2706 Fifth Avenue, Bankers Hill
I headed for Barrio Star with fear in my heart. Fear, and numerous variations of annoyance. Let’s start with the annoyances and touch on the fear later.
Barrio Star is a new restaurant in Banker’s Hill owned by Isabel Cruz of Pacific Beach’s fusiony-healthy Isabel’s Cantina, and many more. (She was a cofounder with Deborah Helm of the Mission Cafés and now owns several restaurants in Oregon.) Her chef here is Todd Camburn, a young graduate of the San Diego Culinary Academy. Per a press release, the restaurant promises lighter, healthier, authentic Mexican food — and at the top of the menu, it also boasts “Mexican Soul Food.” All of which seems highly oxymoronic.
You want real Mexican “soul food”? It doesn’t include Barrio Star’s Brandt sirloin or Jidori chicken. To gauge the chalk-on-blackboard insensitivity of the “soul food” claim, consider that, in the U.S., the term refers to the brilliant culinary inventions that African-Americans created from the most humble foodstuffs, starting during slavery and continuing through over a century of near slavery under Jim Crow. Imagine Alice Waters or Ruth Reichl opening a soul-food restaurant — well, lah-di-dah!
In near-feudal Mexico, similar soul-food conditions apply. The gardeners landscaping your pretty resort in Playa del Carmen or Ixtapa earn, for a full day’s labor, less than you spent for your breakfast in the hotel dining room. So what those “soulful” peasants eat consists mainly of rice, beans, tortillas, lard, chili peppers, fast-growing greens like verdolagas (purslane) and amaranth, and the occasional fried-egg garnish on the rice. Plus, sometimes, a stringy old backyard chicken who’s stopped laying. On feast days, there may be guisados (stews) made of cheap braising cuts, with a lot of good gravy for the family’s rice but not a lot of meat — and in farm communities, maybe a communal barbecue of a pig or goat. “Light” but “authentic”? Oh, puh-leeze! Starches, pulses (peas, beans, lentils), and cheap fat are the worldwide authentic mainstays for staying alive long enough to work your tail off again tomorrow. Lean Cuisine it ain’t, except if you have to live on it full-time. Want real Mexican soul food? Try Super Cocina in City Heights, where individual Mexican housewives offer up a variety of wonderful regional guisados (made with more meat than at home).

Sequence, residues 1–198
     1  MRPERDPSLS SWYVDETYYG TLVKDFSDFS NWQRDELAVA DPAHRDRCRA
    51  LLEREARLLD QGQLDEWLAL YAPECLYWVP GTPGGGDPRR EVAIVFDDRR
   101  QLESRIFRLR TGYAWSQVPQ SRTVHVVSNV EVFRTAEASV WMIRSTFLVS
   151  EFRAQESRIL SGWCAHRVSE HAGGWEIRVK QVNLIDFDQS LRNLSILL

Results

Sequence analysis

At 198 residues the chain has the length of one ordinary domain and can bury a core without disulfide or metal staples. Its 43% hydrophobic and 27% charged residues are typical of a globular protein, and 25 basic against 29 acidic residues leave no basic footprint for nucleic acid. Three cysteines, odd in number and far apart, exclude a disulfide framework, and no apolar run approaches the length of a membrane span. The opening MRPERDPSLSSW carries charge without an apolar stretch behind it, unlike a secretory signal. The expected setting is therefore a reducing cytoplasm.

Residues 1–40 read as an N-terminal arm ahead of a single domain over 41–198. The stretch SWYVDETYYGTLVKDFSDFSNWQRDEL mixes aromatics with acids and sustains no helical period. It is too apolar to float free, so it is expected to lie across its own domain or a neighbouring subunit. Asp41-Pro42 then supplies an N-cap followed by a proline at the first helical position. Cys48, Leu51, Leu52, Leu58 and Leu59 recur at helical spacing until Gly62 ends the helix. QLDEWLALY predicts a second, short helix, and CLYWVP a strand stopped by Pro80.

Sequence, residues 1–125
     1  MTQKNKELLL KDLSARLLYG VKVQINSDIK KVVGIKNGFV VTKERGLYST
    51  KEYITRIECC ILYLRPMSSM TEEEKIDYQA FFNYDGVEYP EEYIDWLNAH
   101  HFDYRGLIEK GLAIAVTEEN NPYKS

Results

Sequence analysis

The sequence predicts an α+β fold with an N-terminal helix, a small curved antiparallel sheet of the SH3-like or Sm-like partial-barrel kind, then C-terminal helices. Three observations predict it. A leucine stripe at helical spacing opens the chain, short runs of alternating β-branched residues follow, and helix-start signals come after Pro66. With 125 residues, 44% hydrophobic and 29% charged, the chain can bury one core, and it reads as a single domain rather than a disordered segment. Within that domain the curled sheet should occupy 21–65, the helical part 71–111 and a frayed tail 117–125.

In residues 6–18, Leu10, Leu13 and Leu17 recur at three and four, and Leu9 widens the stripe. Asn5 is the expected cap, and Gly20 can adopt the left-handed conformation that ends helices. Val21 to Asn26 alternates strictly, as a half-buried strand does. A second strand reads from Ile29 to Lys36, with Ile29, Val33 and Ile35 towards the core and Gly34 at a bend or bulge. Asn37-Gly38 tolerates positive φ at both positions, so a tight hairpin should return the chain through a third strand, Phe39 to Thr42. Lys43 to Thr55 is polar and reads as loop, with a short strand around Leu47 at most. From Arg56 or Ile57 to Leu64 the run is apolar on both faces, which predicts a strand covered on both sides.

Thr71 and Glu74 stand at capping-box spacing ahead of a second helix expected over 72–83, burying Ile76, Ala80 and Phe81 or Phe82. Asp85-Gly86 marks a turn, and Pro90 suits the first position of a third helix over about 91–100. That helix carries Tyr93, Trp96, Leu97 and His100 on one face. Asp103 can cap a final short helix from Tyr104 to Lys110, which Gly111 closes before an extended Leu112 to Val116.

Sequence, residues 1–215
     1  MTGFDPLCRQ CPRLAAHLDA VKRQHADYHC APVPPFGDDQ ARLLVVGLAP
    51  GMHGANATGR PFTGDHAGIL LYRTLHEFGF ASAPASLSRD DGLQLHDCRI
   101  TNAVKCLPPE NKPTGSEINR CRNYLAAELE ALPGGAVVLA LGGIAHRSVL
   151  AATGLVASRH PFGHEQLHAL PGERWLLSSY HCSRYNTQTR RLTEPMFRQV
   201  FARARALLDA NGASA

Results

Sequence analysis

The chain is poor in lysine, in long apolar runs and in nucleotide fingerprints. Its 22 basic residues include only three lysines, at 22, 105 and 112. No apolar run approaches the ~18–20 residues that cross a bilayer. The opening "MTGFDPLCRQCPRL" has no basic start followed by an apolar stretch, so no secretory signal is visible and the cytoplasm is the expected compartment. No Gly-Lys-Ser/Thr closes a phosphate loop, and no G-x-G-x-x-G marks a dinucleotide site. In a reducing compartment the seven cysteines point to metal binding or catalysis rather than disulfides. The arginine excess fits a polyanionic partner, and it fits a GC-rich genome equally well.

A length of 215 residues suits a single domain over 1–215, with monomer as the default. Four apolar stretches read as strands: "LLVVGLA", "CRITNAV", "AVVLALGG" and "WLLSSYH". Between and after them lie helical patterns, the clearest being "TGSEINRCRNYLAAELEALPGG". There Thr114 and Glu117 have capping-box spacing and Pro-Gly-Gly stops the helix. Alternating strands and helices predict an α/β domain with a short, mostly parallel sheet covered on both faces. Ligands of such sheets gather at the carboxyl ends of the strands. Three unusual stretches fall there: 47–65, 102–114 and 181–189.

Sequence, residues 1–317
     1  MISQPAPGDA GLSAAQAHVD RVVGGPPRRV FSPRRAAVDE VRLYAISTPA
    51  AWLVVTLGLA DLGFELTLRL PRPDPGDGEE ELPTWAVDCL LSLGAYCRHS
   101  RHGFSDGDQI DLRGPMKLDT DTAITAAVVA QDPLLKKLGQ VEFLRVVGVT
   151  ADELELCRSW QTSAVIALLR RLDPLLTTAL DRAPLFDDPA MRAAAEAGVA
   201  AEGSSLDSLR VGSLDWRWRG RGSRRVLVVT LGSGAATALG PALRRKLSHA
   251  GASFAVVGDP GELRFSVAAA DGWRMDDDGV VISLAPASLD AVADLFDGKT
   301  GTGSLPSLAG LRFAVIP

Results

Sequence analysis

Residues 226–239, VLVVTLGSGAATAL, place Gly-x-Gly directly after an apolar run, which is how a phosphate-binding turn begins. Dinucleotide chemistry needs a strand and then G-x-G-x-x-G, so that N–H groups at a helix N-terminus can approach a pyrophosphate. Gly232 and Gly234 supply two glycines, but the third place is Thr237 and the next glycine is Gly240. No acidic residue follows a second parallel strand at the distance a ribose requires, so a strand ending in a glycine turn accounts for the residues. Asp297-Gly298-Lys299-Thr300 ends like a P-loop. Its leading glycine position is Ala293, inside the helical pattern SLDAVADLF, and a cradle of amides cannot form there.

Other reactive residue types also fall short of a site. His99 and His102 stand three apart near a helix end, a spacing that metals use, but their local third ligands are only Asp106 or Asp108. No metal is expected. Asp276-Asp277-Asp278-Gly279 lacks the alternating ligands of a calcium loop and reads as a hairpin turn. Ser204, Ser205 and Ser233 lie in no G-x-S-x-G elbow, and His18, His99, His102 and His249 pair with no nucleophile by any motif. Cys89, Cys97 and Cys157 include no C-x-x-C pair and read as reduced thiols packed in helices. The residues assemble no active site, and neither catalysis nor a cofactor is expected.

Barrio Star’s “healthier” Mexican fare features humanely raised meats, etc. Let me mention one word: Chipotle, the amazingly idealistic fast-food chain, where the meats (mainly from Niman) are also humanely raised, vegetables are locally sourced and organic whenever possible, prices are low, and plates are as healthy as you want them, because they’re made to your order. (You can do a carne asada bowl that’s as healthy as its Thai steak salad counterpart.) And for years, Ranchos Cocina in North Park and Ocean Beach has served healthy Mexican food for lower prices than Barrio Star, without getting all self-congratulatory about it. So — is Barrio Star good enough to justify its higher prices and faintly sanctimonious attitude?